A hill to die on
Posted by lpearle on 4 November 2006
The session/breakout group I’m attending at the conference is about School Library 2.0 (go here for a good explanation). There’s lots of talk about using wikis and blogs and MySpace to create a “public presence” for the library.
Not to sound like a sceptic but… if my kids don’t know where we are (that big building on the quad? can’t miss it), going to MySpace isn’t going to help. If we don’t allow them to use laptops in class, why use IM for Virtual Reference? Sounds like a cool idea (and I’ve done it at MFPOW) but here? After school they’re doing sports, or some other activity, and I’m not assigning a staff member an evening shift to handle reference when those questions are likely to be asked (somewhere between 10pm and 3am, from what I understand about their homework habits)!
Because we’re an independent school, we – like many such schools – have invested in course management/content management software. It’s a significant investment, and getting the teachers and administration to buy into using it – at all, not just effectively – is a major thrust for the next year or so. Practically speaking, that means we have to use their “discussions” section, rather than create a blog. It means that the news page can be updated (and it has an RSS feed!) but not in blog-like fashion. It means that class content is kept behind passwords, protected from the public view for safety (and work product) reasons.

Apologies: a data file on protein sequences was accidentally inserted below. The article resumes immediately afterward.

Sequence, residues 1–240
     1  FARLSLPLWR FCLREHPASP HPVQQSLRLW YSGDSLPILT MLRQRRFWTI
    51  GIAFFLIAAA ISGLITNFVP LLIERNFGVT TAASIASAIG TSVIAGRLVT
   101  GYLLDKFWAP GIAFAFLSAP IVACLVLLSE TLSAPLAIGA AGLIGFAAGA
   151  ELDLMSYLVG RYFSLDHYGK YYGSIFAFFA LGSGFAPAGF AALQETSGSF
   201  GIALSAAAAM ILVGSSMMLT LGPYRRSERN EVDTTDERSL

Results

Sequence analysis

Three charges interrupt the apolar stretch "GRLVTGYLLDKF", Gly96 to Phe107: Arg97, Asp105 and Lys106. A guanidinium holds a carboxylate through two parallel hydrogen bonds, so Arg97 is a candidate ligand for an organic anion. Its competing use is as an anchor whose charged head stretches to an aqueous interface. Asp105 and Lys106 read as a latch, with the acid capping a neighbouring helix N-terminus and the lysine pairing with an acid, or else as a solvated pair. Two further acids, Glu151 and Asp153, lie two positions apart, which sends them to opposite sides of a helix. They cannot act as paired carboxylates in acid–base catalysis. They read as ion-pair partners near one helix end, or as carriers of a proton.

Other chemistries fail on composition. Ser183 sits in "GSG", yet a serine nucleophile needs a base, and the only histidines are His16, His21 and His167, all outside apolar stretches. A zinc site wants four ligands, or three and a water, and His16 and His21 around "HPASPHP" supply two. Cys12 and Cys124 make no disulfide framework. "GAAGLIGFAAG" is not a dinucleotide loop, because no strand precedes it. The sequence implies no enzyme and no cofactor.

Am I going to spend my days bewailing our lack of wikis? No. I’m not going to buck protocol and say “I’m establishing a MySpace page” – that’s not the hill for me, either. My hill? Continuing to work with faculty and technology to create more relevance for them and the students. And if that means I use limited tools, so be it. Because 2.0 tools are not the hill I’m doing to die on.